The best practices:

  1. Establish a Formal Cyber Insurance Risk Strategy. This strategy should be directed and approved by senior leadership and informed by the other six best practices.
  2. Manage and Eliminate Exposure to Silent Cyber Insurance Risk. Insurers–even those that do not offer cyber insurance—are subject to "silent risk," which is insurance that does not explicitly grant or exclude cyber coverage. The Framework recommends that all insurers aim to eliminate silent risk by explicitly stating whether that policy covers cyberrelated losses. For existing policies, insurers can also mitigate their risk by purchasing reinsurance.
  3. Evaluate Systemic Risk. Systemic risk has become an issue because institutions increasingly rely on third party vendors, particularly cloud services and managed services providers. As a result, an attack on a third-party vendor may trigger further attacks on parties that use that vendor (like the SolarWinds hack). Insurers should run cybersecurity stress tests on their clients to get a more accurate reading of systemic risk. The results of the stress tests should inform insurer cyber insurance risk strategies moving forward.
  4. Rigorously Measure Insured Risk. Insurers should learn about the client's cybersecurity program through surveys and interviews on topics including corporate governance and controls, vulnerability management, access controls, encryption, endpoint monitoring, boundary defences, incident response planning and third-party security policies, as well as third-party sources. The information gathered should be analysed with past claims data to identify the risk associated with specific gaps in cybersecurity controls and allow the insurer to make a comprehensive risk assessment of potential gaps and vulnerabilities in the client's cyber program.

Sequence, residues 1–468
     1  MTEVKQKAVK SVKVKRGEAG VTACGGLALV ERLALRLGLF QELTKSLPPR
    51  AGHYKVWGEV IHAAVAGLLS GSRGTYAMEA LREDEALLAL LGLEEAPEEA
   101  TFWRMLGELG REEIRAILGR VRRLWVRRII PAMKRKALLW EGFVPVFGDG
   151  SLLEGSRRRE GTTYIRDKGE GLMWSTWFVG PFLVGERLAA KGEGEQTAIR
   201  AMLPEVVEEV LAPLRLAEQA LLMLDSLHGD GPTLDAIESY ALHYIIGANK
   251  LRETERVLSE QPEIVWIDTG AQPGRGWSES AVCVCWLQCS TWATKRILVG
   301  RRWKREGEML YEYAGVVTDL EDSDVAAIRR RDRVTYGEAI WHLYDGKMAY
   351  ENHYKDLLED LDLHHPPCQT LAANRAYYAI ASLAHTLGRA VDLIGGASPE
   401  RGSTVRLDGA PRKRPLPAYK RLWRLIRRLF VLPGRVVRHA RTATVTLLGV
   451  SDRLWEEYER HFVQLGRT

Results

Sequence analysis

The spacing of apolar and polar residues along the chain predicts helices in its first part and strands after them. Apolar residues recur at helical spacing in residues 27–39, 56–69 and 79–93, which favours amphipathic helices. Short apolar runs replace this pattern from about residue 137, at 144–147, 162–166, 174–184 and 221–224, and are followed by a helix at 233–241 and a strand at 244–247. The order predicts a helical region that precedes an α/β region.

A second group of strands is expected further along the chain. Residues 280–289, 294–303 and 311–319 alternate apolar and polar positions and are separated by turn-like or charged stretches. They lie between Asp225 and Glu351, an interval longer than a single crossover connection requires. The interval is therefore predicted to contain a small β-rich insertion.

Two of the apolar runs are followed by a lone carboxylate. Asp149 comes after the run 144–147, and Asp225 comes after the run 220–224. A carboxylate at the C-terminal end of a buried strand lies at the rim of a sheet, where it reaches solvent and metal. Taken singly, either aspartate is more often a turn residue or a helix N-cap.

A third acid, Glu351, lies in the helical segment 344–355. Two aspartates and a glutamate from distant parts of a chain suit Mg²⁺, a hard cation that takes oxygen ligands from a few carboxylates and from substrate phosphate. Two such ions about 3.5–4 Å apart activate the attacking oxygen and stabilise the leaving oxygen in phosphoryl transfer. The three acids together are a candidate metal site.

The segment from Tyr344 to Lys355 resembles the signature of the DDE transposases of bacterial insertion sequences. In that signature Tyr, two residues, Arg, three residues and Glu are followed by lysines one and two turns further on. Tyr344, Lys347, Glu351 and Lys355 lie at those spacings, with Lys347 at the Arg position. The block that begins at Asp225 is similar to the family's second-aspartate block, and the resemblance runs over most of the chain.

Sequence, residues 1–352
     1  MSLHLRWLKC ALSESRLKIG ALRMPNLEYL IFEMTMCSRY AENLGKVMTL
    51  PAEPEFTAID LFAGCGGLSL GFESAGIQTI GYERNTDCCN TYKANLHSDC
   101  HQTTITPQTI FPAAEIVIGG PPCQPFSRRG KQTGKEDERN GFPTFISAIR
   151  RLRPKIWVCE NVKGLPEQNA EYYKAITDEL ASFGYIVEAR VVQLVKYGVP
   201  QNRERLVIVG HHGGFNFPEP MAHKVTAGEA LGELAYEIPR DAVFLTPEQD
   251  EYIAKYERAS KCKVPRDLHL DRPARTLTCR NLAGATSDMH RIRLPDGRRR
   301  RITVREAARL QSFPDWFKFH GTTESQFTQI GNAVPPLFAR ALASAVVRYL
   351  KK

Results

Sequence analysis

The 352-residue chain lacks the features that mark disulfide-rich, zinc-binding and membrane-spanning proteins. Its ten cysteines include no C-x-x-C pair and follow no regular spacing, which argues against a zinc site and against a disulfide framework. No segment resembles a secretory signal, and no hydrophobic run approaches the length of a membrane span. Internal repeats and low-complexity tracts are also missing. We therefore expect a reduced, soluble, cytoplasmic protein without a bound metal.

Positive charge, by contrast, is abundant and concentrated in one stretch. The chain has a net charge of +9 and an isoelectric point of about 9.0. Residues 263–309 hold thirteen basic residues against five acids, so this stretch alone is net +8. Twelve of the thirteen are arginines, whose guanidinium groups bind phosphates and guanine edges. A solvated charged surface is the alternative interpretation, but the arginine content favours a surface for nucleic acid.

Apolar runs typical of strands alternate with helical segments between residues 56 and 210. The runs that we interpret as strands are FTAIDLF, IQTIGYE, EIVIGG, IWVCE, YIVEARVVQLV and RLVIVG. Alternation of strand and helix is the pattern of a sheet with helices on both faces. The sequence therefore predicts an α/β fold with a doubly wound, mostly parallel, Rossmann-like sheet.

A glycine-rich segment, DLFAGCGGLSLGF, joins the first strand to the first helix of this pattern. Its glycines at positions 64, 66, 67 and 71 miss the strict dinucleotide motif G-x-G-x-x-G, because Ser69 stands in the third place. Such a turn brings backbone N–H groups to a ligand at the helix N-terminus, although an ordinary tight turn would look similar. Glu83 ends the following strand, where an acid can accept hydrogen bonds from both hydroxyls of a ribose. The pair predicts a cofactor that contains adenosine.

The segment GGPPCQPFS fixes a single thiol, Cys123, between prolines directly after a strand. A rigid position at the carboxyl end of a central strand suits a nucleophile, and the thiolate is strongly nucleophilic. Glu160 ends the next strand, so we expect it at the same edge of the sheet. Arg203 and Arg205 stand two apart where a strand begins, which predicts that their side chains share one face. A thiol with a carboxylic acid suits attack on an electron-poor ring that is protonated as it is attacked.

5. Educate Insureds and Insurance Producers. Insurers may help their clients and other insurance producers understand and appreciate the risks posed by cyberthreats and the types of cyber coverage available by advising on the importance of effective cybersecurity, aiding in their implementation, and incentivizing better cybersecurity programs. By educating other insurers as well insureds, insurers contribute to the growth of a robust cyber insurance market.
  6. Obtain Cybersecurity Expertise. In line with completing a comprehensive risk analysis before offering cyber insurance, DFS recommends that insurers hire employees with cybersecurity experience and skills, supplemented as necessary with consultants or vendors. Insurers should ensure these individuals receive continued training and development.
  7. Require Notice to Law Enforcement. Insurers should include a clause in their cyber insurance policies that requires victims to inform law enforcement. Law enforcement may have information and resources to help recover data and funds that were lost due to a cyber-attack. Law enforcement can also prosecute cybercriminals, issue warnings to other vulnerable entities, and deter future attacks, benefiting the market as a whole.

In describing the Framework, DFS noted that the risk analysis should be informed by several factors, including the insurer's size, resources, geographic distribution, market share, and industries insured.


With pandemic-related shifts to an online work environment and recent high-profile cybersecurity incidents like the SolarWinds hack making headlines, the demand for cyber insurance is higher than it has ever been, with estimates that by 2025 the market will reach USD 20 billion. Insurers must ensure that they assess this risk to protect themselves from incurring unnecessary losses and avoid disincentivizing their customers from also investing in key cybersecurity infrastructure. The Framework will hopefully help insurers continue to play the key role they do in helping companies manage their cyber risk.